In a new study, scientists say the onset of attention deficit hyperactivity disorder only happens during childhood.

The onset of attention deficit hyperactivity disorder (ADHD) probably only occurs during childhood, and not during adulthood, according to new research.

In a study published last month in the American Journal of Psychiatry, researchers say most people who are diagnosed with adult-onset ADHD probably don’t have the disorder.

Researchers say the symptoms used to diagnose adult-onset ADHD tend to be more indicative of other factors, such as psychological trauma, drug use, or depression.

Others who’d been diagnosed with adult-onset ADHD likely had childhood ADHD that had gone undiagnosed.

The lead author of the study told Healthline that, while adults can have ADHD, it’s unlikely that the disorder develops during adulthood.

“Most people with ADHD in adulthood probably always had it as a kid,” said Dr. Margaret Sibley, a clinical psychologist and researcher at the Florida International University Herbert Wertheim College of Medicine and Center for Children and Families. “That’s different from [ADHD symptoms] suddenly coming out of nowhere.”

Sibley explained what led her and her colleagues to take a closer look at adult-onset ADHD diagnoses.

“About two years ago, there was a study published by a group in New Zealand that had a big epidemiological sample of people who had been followed up from birth to adulthood. The study suggested that a really large portion of the population, around 5 percent, had something called adult-onset ADHD, which would be having the adult symptoms of ADHD without ever having had a trace of it in childhood or adolescence — basically, spontaneously developing ADHD as an adult.”

While many in the health community were surprised by these findings, several other groups bolstered the findings with supporting research of their own.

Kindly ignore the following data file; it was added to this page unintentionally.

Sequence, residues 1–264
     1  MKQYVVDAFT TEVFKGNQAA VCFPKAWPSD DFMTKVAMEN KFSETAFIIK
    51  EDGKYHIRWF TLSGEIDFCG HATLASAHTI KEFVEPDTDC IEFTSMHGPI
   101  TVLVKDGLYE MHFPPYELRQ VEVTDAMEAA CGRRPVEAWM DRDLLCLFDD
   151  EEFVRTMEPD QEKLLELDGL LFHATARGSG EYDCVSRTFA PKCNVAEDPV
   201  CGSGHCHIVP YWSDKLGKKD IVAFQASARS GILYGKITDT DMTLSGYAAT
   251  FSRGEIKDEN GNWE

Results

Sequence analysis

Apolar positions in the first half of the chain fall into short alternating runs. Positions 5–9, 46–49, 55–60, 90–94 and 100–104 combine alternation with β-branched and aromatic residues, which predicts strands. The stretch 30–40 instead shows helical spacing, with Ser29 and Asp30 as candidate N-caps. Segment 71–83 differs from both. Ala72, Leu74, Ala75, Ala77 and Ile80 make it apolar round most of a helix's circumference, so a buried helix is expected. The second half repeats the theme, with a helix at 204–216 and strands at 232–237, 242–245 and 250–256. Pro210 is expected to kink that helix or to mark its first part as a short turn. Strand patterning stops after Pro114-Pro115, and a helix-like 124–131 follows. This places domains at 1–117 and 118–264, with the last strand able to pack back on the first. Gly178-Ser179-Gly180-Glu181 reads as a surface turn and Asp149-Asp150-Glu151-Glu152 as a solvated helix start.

“I personally went to some different scientific meetings and saw the authors of these papers present, and a lot of psychiatrists and practitioners who were in the audience would get up and challenge their findings, asking, ‘Did you realize there are other reasons that people would say yes on a checklist of ADHD symptoms? Things like having a substance abuse problem, or having depression or a concussion — were you thinking of that in your research?’” Sibley explained.

“Essentially, the answer was, ‘No, we didn’t have the ability to look at that, all we can look at is whether people say yes or no on these checklists.’ So in the audience, I was thinking to myself that I work with a group that has the data to look at that, and may be able to see if people say yes to ADHD checklists because of real ADHD symptoms, or if other things could be leading them to do so.”

Sibley and her colleagues studied a group of 239 participants, starting around age 10 and ending around age 25. Looking beyond the answers on an ADHD checklist, the researchers examined the context of this reporting.

While some people are correctly diagnosed with ADHD in adulthood because the diagnosis was missed during childhood, the research team focused on those whose adult-onset ADHD diagnosis could be explained by other factors.

“A lot of the symptoms of ADHD are somewhat suggestive,” said Sibley. “So people tend to say yes to them even if they don’t necessarily have the symptoms.”

As an example, a clinician may ask a patient if they have trouble concentrating — an issue that almost everybody experiences from time to time.

Another issue is that ADHD symptoms can often be attributed to factors beyond the disorder.

“Symptoms of concentration and difficulty focusing can also be explained by a lot of other things,” said Sibley. “They look a lot like the symptoms of having a concussion, or the symptoms of chronic marijuana use, or having depression and apathy. So if someone’s not taking a really close look and thinking of what causes these symptoms, it’s easy to say, ‘Oh yeah, looks like ADHD.’”

To move toward more accurate diagnoses, Sibley said clinicians could corroborate self-reported symptoms with the reports of other people in the patient’s life.

“You can look at objective things — has this person had trouble in school, or do they have trouble keeping a job? Things like that could give you an indication that the person’s struggling in some way, going beyond filling out a quick checklist of symptoms.”

Future research could include more insights into how other factors — such as trauma, daily stress, brain injuries, or other illnesses — could lead to false diagnoses of ADHD.

Until then, Sibley said, it’s important to take a nuanced look at each patient.

“The big message is to be really careful, and look a little bit deeper at what’s going on for people,” she said.